Microsoft Prices Low-End Small Business Server 2003 At $599

The new, low-end version of Small Business Server will feature Windows Server 2003 and Exchange 2003 only and be priced at $599, roughly half of the $1,499 cost of the current Small Business Server 2000, Allison Watson, vice president of Microsoft's worldwide partner group, told applauding attendees at XChange, which is being held in Orlando, Fla., and is sponsored by CRN parent company CMP Media.

The Premium edition, however, will have the same $1,499 price as Microsoft Small Business Server 2000, she said.

Microsoft is also lifting the restriction on the number of users for both the Standard and Premium editions of Windows 2003 Small Business Server to 75. The current maximum on the number of users stipulated for Small Business Server 2000 is 50.

The two editions of the Windows Small Business Server 2003, developed under the code name Bobcat, will be officially launched in October, executives confirmed.

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The premium version of Windows 2003 Small Business Server will incorporate upgraded versions of the same Windows, Exchange, SQL and Internet Security and Accelerator (ISA) server software in the 2000 edition and will be priced comparably, Watson said.

Last month, Microsoft executives confirmed earlier CRN reports that the company would offer customers two versions of Windows 2003 Small Business Server including a lower-end, more affordably priced small-business server to be priced at less than$1000.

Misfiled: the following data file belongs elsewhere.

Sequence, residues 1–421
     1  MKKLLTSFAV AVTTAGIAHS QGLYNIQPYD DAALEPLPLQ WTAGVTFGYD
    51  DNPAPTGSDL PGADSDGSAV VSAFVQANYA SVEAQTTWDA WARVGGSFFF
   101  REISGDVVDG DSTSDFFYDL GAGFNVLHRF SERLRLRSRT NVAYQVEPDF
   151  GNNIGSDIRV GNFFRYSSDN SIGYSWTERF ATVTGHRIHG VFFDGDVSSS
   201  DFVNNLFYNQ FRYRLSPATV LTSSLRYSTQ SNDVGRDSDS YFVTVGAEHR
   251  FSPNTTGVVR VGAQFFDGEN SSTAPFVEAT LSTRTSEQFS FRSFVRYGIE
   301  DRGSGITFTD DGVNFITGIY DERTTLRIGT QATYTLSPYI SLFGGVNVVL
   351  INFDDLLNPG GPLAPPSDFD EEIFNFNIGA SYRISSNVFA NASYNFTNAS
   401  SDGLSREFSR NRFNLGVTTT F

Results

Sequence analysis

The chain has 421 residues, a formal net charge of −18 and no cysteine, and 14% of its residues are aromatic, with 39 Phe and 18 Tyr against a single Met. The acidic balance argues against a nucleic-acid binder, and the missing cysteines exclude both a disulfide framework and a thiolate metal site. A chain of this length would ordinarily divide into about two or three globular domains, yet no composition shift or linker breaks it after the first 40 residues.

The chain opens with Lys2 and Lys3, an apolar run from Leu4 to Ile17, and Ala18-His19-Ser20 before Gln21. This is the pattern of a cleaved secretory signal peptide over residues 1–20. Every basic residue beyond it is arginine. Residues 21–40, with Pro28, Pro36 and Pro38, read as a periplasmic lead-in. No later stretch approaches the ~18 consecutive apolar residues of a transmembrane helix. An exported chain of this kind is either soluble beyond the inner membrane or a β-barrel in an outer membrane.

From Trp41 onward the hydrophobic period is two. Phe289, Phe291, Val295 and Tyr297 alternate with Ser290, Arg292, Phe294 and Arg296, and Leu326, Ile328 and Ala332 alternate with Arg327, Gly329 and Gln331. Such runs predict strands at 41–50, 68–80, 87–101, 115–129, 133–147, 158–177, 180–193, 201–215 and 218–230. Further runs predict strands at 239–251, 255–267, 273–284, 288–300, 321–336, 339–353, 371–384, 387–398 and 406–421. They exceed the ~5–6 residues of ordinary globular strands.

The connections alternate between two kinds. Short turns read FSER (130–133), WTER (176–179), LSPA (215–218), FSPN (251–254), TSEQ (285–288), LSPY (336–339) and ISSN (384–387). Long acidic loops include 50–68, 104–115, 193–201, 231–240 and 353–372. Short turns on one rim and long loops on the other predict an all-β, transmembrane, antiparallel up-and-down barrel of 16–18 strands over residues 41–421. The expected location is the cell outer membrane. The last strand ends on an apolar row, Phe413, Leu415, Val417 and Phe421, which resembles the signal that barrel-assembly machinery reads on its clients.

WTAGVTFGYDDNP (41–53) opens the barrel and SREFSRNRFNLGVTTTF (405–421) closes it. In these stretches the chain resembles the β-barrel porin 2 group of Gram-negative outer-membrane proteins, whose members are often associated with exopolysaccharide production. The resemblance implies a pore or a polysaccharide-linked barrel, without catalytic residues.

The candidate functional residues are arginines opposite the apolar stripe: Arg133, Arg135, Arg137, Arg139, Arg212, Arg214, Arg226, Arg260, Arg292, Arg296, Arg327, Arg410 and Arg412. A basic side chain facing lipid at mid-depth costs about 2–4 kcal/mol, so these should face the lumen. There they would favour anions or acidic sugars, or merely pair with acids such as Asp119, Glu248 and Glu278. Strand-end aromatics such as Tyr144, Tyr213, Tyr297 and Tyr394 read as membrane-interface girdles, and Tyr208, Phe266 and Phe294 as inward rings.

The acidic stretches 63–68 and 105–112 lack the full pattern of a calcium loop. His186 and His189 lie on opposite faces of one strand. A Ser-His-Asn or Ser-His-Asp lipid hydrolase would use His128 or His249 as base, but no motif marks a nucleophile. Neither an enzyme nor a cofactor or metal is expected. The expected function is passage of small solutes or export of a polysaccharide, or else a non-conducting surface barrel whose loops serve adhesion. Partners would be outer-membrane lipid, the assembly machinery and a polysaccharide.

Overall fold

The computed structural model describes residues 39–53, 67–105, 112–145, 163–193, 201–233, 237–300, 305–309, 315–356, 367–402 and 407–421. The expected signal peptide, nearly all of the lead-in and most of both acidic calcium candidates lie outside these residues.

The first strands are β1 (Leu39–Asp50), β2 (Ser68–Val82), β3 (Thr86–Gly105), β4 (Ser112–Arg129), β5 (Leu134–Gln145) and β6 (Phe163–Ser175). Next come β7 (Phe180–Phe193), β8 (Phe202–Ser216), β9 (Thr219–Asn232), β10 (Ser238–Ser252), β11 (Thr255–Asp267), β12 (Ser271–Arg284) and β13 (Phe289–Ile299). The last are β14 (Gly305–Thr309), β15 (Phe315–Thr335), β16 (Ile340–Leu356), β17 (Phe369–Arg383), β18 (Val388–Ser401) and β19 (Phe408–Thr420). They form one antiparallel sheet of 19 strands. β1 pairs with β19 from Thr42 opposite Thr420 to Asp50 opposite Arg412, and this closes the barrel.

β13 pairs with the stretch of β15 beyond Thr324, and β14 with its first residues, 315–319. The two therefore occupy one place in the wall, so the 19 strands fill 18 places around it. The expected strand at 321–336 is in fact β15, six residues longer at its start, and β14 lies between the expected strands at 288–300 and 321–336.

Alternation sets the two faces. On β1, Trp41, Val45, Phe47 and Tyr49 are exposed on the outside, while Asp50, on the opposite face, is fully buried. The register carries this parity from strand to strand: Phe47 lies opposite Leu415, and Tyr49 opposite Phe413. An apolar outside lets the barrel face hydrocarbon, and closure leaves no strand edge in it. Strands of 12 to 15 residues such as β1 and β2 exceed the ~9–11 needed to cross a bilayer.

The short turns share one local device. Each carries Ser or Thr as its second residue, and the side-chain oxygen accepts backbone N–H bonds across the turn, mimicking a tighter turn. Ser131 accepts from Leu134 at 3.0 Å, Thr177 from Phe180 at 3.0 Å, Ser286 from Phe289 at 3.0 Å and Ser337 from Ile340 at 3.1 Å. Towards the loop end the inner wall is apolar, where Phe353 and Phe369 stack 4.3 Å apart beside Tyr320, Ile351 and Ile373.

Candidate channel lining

The $599 price tag elicited cheers from many solution providers gathered at XChange this week.

Solution providers said Microsoft is rising to the challenge posed by Novell and Linux in the fast-growing small-business server space.

"I think it is a good move for Microsoft because smaller clients [currently] pay for SQL Server but do not necessarily use all the products in the Small Business Server 2000 suite," said Michael Goldstein, a vice president at LAN Associates, Fort Lauderdale, Fla., about the $599 entry-level edition of Bobcat. "With the reduction in price and other promotional offers from Novell, we do see a growth in the small-business market. It makes it cost-effective for small businesses to move from their peer-to-peer startup environment to a more stable and robust server environment.

"That really opens SBS up to a whole new market segment--that segment with a hardware firewall that didn't use SQL. That group was paying for ISA and SQL previously, and now they can get into some world class products including Exchange and Windows 2003, fax server, Windows Sharepoint Services for less than the price of a Win2003 server license," said Michael Cocanower, president of ITSynergy, a solution provider in Phoenix. "Combine that with hardware partners like Dell, and even with our services, I am sure we can get someone up on a baseline SBS install for under $5,000, which is an important price point in small business."

He also said there are significant implications for increasing the head count to 75.

"The 75-user limit will absolutely help. It is not so much just about growth, but also to the fact that we now have additional options. Previously, even though the limit was 50, we had to be very careful with companies that had user counts in the 35 to 40 range because we didn't want to put them into a solution that they would outgrow in a short period of time," Cocanower said. "With a 75-user limit, however, that means we now really don't need to have a concern until around 60 users or so, so I think it really expands the upper end of the SBS target market."